THE STORY: It is Good Friday. Matthew and Wilma have just set up home in Prattsville, Kansas. Wilma had been burning churches in Oklahoma forcing the couple to flee across the prairie states as felons. Matthew is hopeful he can make things right for them in Kansas with a new home and a steady job. Enter Herman, a violin-playing plumber with enormous feet and angel-like qualities, who fixes the young couple’s sink, only to discover a beautiful Easter egg clogging the pipes. Wilma, who believes the Blessed Virgin is leading her to a wonderful occasion that will happen on Easter Day, takes the egg as a sign that she is pregnant. Wilma thanks Herman by washing his feet with her hair. Meanwhile, the town handyman, Zaddock Pratt, has been having religious visions of his own. He also picks up cable TV in his brain, thanks to a steel plate, and sporadically shouts out incoming news, weather reports and sitcom theme songs. Upon meeting Matthew, Zaddock recognizes him as one the of the individuals responsible for a church burning in their area. Matthew takes Zaddock hostage and reveals the story of his and Wilma’s first baby who died in childbirth, ironically named Herman, and of Wilma’s quest for redemption. When Matthew returns to the cabin—with Zaddock—Wilma attempts to introduce him to Herman the plumber, but Matthew can’t see him. Matthew confronts Wilma with her delusion and “shoots” Herman, forcing Wilma to re-live the event that was the cause of their estrangement and of her intense pain. It is a catharsis long overdue, and now Easter Day is here and Wilma and Matthew must face an uncertain future and begin to rebuild their lives.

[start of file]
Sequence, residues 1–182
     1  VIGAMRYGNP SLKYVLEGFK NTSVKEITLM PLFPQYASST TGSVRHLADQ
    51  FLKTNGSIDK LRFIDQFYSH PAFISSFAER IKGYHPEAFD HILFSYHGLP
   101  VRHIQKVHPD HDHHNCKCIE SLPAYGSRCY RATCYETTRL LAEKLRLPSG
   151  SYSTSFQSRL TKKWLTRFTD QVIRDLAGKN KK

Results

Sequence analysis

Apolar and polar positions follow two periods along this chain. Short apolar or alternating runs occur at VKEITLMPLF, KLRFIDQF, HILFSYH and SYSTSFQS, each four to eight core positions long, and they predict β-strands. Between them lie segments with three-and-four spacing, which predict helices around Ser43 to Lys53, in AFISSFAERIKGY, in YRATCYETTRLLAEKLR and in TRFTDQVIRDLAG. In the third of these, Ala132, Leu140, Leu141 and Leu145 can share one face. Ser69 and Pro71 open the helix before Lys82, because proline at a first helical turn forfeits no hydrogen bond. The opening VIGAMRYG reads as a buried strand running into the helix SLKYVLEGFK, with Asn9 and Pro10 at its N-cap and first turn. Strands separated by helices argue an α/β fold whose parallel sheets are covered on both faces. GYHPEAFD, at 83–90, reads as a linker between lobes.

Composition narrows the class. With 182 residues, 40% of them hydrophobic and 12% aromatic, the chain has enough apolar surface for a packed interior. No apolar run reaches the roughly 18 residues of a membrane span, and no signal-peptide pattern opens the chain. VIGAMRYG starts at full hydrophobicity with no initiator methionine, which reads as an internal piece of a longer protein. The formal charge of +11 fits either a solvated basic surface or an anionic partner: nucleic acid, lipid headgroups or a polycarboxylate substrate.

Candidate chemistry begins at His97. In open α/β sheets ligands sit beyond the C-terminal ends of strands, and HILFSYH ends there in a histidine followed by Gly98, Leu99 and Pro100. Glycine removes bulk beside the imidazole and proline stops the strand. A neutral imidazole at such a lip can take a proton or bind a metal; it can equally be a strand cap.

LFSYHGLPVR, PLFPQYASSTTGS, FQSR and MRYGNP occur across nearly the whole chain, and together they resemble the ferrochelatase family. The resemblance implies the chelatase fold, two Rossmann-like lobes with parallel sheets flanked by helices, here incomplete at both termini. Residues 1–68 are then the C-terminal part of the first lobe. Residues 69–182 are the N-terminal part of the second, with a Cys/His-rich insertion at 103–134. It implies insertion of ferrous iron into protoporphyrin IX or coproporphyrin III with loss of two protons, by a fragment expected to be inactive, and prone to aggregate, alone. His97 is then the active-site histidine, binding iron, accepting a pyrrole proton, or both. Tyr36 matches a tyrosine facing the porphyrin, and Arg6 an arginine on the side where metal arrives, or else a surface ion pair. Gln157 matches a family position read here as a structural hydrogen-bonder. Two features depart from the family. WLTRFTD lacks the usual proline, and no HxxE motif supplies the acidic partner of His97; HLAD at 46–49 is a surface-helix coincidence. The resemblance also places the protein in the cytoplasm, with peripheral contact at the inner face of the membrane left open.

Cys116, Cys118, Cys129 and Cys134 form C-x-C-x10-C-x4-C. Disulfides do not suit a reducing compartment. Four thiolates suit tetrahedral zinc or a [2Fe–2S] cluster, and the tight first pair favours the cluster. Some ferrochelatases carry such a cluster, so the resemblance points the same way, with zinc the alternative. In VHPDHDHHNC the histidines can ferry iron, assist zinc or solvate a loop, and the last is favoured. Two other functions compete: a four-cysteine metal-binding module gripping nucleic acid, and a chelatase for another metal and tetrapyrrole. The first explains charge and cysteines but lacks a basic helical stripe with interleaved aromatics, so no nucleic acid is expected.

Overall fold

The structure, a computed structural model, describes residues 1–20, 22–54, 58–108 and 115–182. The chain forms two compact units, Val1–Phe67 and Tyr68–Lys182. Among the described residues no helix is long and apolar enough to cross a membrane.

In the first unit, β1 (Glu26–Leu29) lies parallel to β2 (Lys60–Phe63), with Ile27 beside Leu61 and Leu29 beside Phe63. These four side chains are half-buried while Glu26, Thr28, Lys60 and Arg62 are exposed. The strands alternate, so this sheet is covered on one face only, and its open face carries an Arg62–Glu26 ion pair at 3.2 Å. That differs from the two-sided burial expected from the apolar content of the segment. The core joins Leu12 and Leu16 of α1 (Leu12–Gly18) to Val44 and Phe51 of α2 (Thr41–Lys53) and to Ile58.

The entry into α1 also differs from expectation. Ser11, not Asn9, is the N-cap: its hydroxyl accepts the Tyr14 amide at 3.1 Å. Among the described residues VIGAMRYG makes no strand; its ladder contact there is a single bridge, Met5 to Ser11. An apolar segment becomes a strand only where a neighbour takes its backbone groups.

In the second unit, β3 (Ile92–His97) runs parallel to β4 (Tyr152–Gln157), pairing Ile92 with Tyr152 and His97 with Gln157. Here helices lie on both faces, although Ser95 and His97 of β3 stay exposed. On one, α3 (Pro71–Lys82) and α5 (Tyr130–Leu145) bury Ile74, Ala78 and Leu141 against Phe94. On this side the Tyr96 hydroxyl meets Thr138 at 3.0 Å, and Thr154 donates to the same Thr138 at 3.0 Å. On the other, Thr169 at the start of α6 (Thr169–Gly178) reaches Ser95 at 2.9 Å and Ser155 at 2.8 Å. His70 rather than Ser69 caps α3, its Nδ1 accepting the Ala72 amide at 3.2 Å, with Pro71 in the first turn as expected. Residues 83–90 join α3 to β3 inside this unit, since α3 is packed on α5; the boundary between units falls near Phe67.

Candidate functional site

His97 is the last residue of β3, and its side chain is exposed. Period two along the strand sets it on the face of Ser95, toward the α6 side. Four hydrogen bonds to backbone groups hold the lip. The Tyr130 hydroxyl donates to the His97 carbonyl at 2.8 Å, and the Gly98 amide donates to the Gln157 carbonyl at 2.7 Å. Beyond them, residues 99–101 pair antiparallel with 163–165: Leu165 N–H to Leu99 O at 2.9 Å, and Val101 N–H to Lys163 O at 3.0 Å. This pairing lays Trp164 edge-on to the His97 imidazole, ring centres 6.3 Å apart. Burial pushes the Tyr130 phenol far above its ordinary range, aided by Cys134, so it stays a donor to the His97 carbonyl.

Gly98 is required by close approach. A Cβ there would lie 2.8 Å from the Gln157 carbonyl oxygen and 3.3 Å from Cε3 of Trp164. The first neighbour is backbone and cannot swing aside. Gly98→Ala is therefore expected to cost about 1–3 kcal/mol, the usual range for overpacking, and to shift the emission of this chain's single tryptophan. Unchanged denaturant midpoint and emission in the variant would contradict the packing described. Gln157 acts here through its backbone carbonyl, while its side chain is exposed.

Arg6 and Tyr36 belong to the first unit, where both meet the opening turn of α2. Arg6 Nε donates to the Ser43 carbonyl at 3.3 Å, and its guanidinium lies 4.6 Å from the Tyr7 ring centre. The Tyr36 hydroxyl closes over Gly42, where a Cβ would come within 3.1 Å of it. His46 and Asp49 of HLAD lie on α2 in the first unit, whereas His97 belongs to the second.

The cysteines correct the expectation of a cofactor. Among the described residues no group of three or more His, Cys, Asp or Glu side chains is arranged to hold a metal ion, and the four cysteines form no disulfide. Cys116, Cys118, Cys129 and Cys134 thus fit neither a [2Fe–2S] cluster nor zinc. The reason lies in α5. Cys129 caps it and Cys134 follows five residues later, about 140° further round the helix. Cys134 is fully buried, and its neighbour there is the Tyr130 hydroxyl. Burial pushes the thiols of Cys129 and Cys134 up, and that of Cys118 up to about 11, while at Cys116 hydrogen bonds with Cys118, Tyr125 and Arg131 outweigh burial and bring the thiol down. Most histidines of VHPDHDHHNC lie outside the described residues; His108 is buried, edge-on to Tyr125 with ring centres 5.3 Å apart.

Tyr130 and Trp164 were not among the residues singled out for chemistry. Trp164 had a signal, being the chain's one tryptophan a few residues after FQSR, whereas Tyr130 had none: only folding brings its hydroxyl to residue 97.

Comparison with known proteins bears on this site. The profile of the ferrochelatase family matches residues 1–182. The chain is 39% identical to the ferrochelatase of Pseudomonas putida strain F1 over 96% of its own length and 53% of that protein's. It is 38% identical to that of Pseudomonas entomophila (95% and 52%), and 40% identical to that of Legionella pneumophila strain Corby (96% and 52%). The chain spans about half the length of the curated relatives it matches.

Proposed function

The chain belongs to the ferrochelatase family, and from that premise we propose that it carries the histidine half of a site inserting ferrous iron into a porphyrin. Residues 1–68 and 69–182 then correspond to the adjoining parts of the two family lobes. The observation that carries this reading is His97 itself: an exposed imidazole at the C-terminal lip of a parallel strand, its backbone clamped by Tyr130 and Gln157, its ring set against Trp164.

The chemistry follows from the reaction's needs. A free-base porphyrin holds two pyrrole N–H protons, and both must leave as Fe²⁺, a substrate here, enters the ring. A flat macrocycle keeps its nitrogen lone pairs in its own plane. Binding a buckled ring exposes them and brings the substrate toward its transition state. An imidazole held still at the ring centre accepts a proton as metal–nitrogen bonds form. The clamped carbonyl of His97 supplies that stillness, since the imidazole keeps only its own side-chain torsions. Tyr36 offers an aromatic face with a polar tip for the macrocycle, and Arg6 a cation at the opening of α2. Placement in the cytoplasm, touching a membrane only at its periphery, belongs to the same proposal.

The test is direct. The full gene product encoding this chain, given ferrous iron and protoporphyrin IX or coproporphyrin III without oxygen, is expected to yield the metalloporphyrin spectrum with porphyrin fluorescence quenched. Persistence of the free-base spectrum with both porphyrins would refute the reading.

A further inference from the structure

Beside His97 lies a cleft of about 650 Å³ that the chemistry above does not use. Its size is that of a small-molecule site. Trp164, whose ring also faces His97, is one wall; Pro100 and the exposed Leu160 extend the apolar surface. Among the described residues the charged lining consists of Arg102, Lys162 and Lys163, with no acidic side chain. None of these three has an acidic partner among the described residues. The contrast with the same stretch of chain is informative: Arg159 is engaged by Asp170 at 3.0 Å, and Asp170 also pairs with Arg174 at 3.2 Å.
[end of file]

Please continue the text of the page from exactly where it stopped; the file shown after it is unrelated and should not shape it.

“EASTER, Will Scheffer’s dark and poignant heartland drama…[is] a surprisingly touching story about emptiness and loss…EASTER shares with the subversive film comedies of Joel and Ethan Coen a twisted take on the loopiness of Middle America.” —The New York Times.
“EASTER comes tearing through a landscape of wheat-field mysticism…[it] achieves a paradoxical fusion of the banal, and absurd, and the profound.” —Village Voice.